Advisory Circular (AC) No. 600-003

Regulations for Terrain Awareness Warning System 

Issuing Office: Standards Document No.:  AC 600-003
File Classification No.: Z 5000-34 - U Issue No.: 02
RDIMS No.: 7786902-V9 Effective Date: 2013-09-13

Table of Contents

1.0 Introduction

  1. This Advisory Circular (AC) is provided for information and guidance purposes. It describes an example of an acceptable means, but not the only means, of demonstrating compliance with regulations and standards. This AC on its own does not change, create, amend or permit deviations from regulatory requirements, nor does it establish minimum standards.

1.1 Purpose

  1. The purpose of this AC is to inform operators that: the Terrain Awareness Warning System (TAWS) regulations were published in the Canada Gazette II, Volume 146, No. 14 on July 4, 2012; and to clarify the TAWS Enhanced Altitude Accuracy requirements (EAA).

1.2 Applicability

  1. This AC is applicable to Commercial Air Taxi, Commuter and Airline Operations Operators (Subparts 703, 704 and 705 of the Canadian Aviation Regulations (CARs)) and Private Operators (Subpart 604 of the CARs).  

1.3 Description of Changes

  1. Updated to include publication dates associated with TAWS regulations.

2.0 References and Requirements

2.1 Reference Documents

  1. It is intended that the following reference materials be used in conjunction with this document:

    1. Aeronautics Act (R.S., 1985, C. A-2);

    2. Subpart 605 of the Canadian Aviation Regulations (CARs) – Aircraft Requirements;

    3. Subpart 703 of the CARs – Air Taxi Operations;

    4. Subpart 704 of the CARs – Commuter Operations;

    5. Subpart 705 of the CARs – Airline Operations;

    6. Chapter 537 of the Airworthiness Manual (AWM), Airworthiness Standards Appliances and Parts Subchapter B, Canadian Technical Standard Orders (CAN-TSOs) C-151 latest revision – Terrain Awareness and Warning System;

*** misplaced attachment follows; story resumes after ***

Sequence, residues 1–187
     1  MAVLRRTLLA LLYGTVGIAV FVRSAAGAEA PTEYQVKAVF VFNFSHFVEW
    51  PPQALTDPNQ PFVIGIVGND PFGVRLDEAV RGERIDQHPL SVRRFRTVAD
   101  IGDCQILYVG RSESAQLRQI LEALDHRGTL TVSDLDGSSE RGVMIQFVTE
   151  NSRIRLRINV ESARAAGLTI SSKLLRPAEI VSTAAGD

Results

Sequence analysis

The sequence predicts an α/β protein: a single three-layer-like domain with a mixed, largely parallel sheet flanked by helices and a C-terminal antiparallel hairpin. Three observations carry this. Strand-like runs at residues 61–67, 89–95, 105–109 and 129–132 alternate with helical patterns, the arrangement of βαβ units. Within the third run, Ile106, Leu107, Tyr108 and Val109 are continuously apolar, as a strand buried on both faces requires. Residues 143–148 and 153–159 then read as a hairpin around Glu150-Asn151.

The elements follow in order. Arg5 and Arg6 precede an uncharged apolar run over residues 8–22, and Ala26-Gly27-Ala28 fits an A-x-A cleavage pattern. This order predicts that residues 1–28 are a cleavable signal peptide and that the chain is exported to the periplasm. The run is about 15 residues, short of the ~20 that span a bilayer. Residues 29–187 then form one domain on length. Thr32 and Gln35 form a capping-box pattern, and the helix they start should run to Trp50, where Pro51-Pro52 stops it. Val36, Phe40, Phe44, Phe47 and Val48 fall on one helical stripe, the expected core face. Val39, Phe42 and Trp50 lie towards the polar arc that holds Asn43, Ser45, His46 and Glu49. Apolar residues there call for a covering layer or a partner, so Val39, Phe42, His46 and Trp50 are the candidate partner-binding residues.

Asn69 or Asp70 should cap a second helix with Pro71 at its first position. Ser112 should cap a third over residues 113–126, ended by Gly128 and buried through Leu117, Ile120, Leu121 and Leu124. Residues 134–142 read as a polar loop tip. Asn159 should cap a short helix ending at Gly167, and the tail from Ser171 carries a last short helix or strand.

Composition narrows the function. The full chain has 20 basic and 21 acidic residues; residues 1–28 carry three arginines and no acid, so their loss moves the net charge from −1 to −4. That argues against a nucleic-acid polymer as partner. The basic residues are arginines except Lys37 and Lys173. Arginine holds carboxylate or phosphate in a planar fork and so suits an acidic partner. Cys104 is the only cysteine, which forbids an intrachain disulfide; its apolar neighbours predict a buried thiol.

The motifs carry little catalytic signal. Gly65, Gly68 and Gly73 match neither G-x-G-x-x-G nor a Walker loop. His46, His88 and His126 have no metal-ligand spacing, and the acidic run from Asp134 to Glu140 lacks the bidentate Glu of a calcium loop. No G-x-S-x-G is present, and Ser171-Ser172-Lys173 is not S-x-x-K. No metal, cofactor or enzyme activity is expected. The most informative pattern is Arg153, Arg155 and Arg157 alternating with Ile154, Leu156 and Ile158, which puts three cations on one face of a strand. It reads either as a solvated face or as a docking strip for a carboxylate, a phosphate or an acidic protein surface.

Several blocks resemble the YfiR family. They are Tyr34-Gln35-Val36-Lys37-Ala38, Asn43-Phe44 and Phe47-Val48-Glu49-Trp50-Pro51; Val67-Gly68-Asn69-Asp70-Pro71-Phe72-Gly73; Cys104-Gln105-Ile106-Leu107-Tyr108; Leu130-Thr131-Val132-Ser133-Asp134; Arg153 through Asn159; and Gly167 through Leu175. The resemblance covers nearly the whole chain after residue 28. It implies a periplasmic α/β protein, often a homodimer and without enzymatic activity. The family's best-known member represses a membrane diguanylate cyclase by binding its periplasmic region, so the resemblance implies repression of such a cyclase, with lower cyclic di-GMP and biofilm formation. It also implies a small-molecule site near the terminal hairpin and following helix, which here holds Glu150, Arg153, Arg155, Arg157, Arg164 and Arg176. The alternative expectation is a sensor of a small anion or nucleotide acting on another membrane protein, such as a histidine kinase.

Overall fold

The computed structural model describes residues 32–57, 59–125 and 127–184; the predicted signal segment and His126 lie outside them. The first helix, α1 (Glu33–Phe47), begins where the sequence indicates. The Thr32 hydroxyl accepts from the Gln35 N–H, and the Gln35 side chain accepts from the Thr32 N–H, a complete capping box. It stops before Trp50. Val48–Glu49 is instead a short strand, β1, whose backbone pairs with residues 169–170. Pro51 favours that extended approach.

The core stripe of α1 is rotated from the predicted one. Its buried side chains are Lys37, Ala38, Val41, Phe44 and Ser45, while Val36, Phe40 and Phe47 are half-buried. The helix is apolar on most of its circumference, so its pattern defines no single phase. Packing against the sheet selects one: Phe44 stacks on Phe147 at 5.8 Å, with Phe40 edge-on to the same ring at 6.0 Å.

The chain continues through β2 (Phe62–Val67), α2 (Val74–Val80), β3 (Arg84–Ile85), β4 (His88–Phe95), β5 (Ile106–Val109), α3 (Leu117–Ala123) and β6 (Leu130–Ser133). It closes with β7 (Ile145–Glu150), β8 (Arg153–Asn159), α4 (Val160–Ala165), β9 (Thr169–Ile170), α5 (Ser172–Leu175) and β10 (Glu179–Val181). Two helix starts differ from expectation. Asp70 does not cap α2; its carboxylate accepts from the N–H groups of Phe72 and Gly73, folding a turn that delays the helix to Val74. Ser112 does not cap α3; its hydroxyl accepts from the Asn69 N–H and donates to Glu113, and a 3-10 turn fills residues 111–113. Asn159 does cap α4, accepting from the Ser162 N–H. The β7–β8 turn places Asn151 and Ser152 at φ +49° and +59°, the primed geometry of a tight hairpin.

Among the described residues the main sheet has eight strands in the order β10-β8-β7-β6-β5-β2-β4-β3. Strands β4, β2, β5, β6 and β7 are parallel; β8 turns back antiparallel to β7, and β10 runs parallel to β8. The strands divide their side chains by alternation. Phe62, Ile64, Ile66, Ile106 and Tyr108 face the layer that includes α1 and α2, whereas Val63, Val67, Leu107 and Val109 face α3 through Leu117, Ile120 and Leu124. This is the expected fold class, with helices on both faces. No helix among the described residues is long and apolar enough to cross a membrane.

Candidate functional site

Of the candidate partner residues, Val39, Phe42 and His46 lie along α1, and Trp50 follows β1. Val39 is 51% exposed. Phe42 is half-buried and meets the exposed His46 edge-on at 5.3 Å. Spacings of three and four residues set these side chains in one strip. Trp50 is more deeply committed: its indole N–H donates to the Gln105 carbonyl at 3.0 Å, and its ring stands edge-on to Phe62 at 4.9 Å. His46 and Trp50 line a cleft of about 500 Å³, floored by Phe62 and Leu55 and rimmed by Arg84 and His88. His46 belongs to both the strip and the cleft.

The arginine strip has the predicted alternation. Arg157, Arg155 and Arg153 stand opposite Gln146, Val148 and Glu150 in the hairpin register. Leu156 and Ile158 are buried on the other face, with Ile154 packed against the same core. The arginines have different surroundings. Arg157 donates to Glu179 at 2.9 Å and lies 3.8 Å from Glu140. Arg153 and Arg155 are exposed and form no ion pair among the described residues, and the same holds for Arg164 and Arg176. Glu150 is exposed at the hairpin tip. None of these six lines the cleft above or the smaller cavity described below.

7. Chapter 551 of the AWM – Aircraft Equipment and Installation;

    8. International Civil Aviation Organization (ICAO) Document 9613, Edition 03, 2008 – Manual on Performance-Based Navigation (PBN); 

    9. Federal Aviation Administration Advisory Circular (FAA AC) 90-101A, 2011-02-23 – Approval Guidance for RNP Procedures with Special Aircraft and Aircrew Authorization Required (SAAAR); and

    10. European Aviation Safety Administration (EASA) AMC 20-26, 2009-12-23 – Airworthiness Approval and Operational Criteria for RNP Authorisation Required (RNP AR) Operations.

2.2 Cancelled Documents

  1. Not applicable.

  2. By default, it is understood that the publication of a new issue of a document automatically renders any earlier issues of the same document null and void.

2.3 Definitions and Abbreviations

  1. The following definitions are used in this document:

    1. TAWS: Terrain Awareness Warning System which is an aircraft system that is intended to provide the flight crew with both aural and visual alerts to aid in preventing inadvertent controlled flight into terrain, obstacles or water.

    2. Class A TAWS: a class of equipment defined in Canadian Technical Standard Orders (CAN-TSO) C151b. This equipment includes the following:

      1. Ground Proximity Warning System (GPWS) Modes 1 to 5;

      2. Forward Looking Terrain Avoidance (FLTA);

      3. Premature Descent Algorithm (PDA);

      4. Descent to 500 feet above terrain or nearest runway elevation during a non-precision approach voice call out; and

      5. A terrain display system.

    3. Class B TAWS: a class of equipment defined in CAN-TSO C151b. This equipment includes the following:

      1. GPWS Modes 1 and 3;

      2. FLTA;

      3. PDA; and

      4. Descent to 500 feet above terrain or nearest runway elevation during a non-precision approach voice call out.

    4. GPWS Modes: Ground Proximity Warning System Modes as defined in CAN-TSO C151b and RTCA DO161A and listed here: 

      1. Mode 1: Excessive Rate of Descent with respect to terrain;

      2. Mode 2: Excessive Closure Rate to Terrain;

      3. Mode 3: Negative climb rate or Altitude Loss before acquiring 213 meters (700 feet) terrain clearance after takeoff or missed approach;

      4. Mode 4:  Flights above terrain with less than 152 meters (500 feet) terrain clearance while the aeroplane is not in landing configuration;

      5. Mode 5: Excessive Deviation Below Glideslope; and

      6. Mode 6: Advisory Call-outs, Bank Angle and Altitude (not regulated, but certified for intended function).

    5. EAA: Enhanced Altitude Accuracy requires TAWS to give priority to sources of altitude which are not affected by:

      1. any pilot action or input;

      2. altimeter setting on the altimeter(s);

      3. temperature and pressure deviations from the International Standard Atmosphere (ISA).

      4. Thus GPS and Radar altitudes must have a higher priority than other sources of altitude.